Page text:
dangerous

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dangerous

adjective Exposing to danger; involving danger; pertaining to danger; referring to danger; potentially causing harm to persons or property; associated with danger and harm.
References in classic literature ?
As to those just causes of war which proceed from direct and unlawful violence, it appears equally clear to me that one good national government affords vastly more security against dangers of that sort than can be derived from any other quarter.
I described in the most pathetic manner I could the miserable state to which the Catholic religion was reduced in a country where it had lately flourished so much by the labours of the Portuguese; I gave him in the strongest terms a representation of all that we had suffered since the death of Sultan Segued, how we had been driven out of Abyssinia, how many times they had attempted to take away our lives, in what manner we had been betrayed and given up to the Turks, the menaces we had been terrified with, the insults we had endured; I laid before him the danger the patriarch was in of being either impaled or flayed alive; the cruelty, insolence and avarice of the Bassa of Suaquem, and the persecution that the Catholics suffered in Aethiopia.
But we also are in danger," said the Pumpkinhead, anxiously.
The perpetual menacings of danger oblige the government to be always prepared to repel it; its armies must be numerous enough for instant defense.
As the days wore on, his utter carelessness of any considera- tion so intensified our distress and danger that I had, much as I loathed doing it, to resort to threats, and at last to blows.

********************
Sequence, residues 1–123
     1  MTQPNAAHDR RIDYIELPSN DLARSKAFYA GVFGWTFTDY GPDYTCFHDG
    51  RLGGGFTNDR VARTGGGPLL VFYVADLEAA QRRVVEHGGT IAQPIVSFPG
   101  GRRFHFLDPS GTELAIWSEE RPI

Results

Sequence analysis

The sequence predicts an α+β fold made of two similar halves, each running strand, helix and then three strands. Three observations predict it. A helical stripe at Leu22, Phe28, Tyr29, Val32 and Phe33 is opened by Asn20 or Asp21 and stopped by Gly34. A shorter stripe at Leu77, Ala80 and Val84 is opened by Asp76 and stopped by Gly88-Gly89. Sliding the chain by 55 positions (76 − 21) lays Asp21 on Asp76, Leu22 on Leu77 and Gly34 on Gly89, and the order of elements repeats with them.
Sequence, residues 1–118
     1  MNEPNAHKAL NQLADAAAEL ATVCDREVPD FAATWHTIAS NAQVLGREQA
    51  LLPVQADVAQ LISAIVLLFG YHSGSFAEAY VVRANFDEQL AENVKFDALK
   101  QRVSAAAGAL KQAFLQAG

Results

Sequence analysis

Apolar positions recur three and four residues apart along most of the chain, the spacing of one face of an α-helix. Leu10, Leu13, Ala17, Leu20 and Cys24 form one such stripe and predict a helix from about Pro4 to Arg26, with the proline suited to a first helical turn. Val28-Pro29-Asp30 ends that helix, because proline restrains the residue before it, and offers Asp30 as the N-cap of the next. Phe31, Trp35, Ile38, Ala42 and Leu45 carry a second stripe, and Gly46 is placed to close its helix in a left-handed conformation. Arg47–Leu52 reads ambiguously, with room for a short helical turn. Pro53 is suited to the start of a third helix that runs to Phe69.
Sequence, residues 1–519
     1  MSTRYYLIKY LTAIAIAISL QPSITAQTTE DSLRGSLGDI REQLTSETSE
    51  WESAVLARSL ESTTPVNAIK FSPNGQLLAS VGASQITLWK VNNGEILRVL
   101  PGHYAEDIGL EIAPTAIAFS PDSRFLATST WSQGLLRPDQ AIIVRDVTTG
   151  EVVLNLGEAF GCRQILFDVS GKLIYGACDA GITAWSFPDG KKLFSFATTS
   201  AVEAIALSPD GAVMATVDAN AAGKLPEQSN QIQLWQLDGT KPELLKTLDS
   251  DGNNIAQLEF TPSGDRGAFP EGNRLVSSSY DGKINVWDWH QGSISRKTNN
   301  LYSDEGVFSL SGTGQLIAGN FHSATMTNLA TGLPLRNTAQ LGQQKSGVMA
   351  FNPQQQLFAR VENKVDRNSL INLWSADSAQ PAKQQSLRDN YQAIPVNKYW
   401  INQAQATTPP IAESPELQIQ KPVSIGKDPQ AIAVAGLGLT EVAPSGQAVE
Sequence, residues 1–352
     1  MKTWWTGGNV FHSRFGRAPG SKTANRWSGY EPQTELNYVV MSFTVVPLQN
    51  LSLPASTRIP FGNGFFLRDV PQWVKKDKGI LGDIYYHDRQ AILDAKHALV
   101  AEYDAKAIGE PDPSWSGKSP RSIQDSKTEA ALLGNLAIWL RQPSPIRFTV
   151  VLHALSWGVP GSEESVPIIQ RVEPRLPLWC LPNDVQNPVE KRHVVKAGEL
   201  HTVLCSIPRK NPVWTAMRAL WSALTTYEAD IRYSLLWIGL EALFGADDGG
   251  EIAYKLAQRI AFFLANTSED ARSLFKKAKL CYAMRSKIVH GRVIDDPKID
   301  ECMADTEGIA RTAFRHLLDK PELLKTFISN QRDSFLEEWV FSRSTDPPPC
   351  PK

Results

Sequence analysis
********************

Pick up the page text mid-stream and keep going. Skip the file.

The dangers to be apprehended from the Crow Indians had not been overrated by the camp gossips.
But is not the fact an alarming proof of the danger resulting from a government which does not possess regular powers commensurate to its objects?
In proportion as they left the point of danger behind them, they relaxed in their rigid and anxious taciturnity, and began to joke at the expense of their enemy; whom they pictured to themselves mousing in the neighborhood of their deserted fire, waiting for the proper time of attack, and preparing for a grand disappointment.
Elizabeth, having relinquished entirely the idea of escape, was fast obtaining that resigned composure with which the most delicate of her sex are sometimes known to meet unavoidable evils; while Mohegan, who was much nearer to the danger, maintained his seat with the invincible resignation of an Indian warrior.
As for poor Mimi, she was so overwrought both with present and future fear, and with horror at the danger she had escaped, that her faculties were numb.
And the state runneth the danger of that which Tacitus saith; Atque is habitus animorum fuit, ut pessimum facinus auderent pauci, plures vellent, omnes paterentur.
Since you have, perhaps, heard but confused accounts of my seven voyages, and the dangers and wonders that I have met with by sea and land, I will now give you a full and true account of them, which I think you will be well pleased to hear.